Fixed drug eruption in Adult
FDE is most commonly solitary, but some individuals may develop multiple patches. There may be an increasing number of patches seen with each exposure. Healing with postinflammatory hyperpigmentation is common. Atypical variants include nonpigmenting and generalized blistering forms.
Numerous drugs have been implicated in causing FDE. The most commonly associated drug classes include antibiotics (in particular sulfonamides, trimethoprim, fluoroquinolones, and tetracyclines), NSAIDs (including naproxen, ibuprofen, and celecoxib), and barbiturates. Other specifically implicated drugs include amoxicillin, erythromycin, metronidazole, fluconazole, paracetamol (acetaminophen), cetirizine, hydroxyzine, methylphenidate, oral contraceptives, quinine, and phenolphthalein. Biologic agents including ustekinumab, adalimumab, and abatacept have been reported to cause fixed drug eruptions. A nonpigmenting variant is seen with pseudoephedrine.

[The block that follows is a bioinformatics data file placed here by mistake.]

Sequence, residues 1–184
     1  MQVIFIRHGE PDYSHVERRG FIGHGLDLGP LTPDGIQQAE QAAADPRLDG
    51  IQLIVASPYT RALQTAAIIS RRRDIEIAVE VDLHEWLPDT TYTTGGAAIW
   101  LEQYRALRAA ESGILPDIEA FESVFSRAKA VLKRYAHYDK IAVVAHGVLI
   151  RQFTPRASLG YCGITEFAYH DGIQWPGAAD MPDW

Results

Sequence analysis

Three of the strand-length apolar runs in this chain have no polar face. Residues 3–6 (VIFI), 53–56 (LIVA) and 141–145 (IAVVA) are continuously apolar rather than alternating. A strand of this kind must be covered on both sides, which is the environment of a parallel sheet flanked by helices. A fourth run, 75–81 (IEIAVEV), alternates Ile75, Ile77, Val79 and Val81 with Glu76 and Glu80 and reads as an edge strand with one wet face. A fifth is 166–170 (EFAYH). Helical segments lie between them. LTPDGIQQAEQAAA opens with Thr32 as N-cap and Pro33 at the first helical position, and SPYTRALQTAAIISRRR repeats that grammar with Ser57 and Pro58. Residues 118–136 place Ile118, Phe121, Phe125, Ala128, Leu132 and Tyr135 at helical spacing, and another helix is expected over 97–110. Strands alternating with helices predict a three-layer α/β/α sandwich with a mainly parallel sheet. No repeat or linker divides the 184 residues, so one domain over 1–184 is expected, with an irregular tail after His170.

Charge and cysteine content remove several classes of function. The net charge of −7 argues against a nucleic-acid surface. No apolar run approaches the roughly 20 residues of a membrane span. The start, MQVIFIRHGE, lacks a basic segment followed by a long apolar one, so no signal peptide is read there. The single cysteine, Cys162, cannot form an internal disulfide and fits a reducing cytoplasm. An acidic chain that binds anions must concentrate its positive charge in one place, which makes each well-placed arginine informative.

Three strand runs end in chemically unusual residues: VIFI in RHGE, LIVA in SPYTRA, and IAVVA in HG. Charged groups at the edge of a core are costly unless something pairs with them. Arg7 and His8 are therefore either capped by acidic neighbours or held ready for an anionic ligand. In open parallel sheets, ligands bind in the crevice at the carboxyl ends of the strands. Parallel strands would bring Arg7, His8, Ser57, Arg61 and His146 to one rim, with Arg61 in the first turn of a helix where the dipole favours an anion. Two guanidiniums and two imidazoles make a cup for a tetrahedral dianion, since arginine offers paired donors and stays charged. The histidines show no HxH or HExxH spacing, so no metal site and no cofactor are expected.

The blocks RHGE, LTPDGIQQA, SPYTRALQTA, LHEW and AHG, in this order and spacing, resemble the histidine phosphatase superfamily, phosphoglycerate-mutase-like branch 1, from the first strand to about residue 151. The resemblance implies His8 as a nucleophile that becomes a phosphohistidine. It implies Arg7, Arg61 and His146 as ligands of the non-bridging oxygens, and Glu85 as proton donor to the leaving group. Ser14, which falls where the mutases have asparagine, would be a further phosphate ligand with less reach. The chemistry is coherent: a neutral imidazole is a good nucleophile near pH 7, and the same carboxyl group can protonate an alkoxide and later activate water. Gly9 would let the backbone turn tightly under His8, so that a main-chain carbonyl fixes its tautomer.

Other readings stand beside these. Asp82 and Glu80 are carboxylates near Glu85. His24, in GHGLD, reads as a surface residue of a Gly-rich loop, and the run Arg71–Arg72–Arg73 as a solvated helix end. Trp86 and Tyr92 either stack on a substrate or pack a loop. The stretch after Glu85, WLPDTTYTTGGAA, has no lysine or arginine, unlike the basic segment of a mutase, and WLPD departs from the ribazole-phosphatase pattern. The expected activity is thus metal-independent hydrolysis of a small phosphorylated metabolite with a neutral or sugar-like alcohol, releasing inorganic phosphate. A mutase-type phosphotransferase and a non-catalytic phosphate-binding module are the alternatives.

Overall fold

L27.1 – Localized skin eruption due to drugs and medicaments taken internally
73692007 – Fixed drug eruption
- Erythema multiforme
- Contact dermatitis
- Acute febrile neutrophilic dermatosis (Sweet syndrome)
- Cellulitis or erysipelas
- Stevens-Johnson syndrome / toxic epidermal necrolysis – Generalized bullous variant of FDE can be distinguished from SJS/TEN as the former has a rapid onset (within 1 day) instead of weeks from exposure, and minimal to no mucosal or systemic involvement.
- Insect bite reaction
- Postinflammatory hyperpigmentation
- Lichen planus
- Bullous impetigo
- Tinea infection (see tinea capitis, tinea corporis, tinea manuum, tinea pedis)
- Erythema migrans
- Recurrent herpes simplex virus (HSV) infection
- Bullosis diabeticorum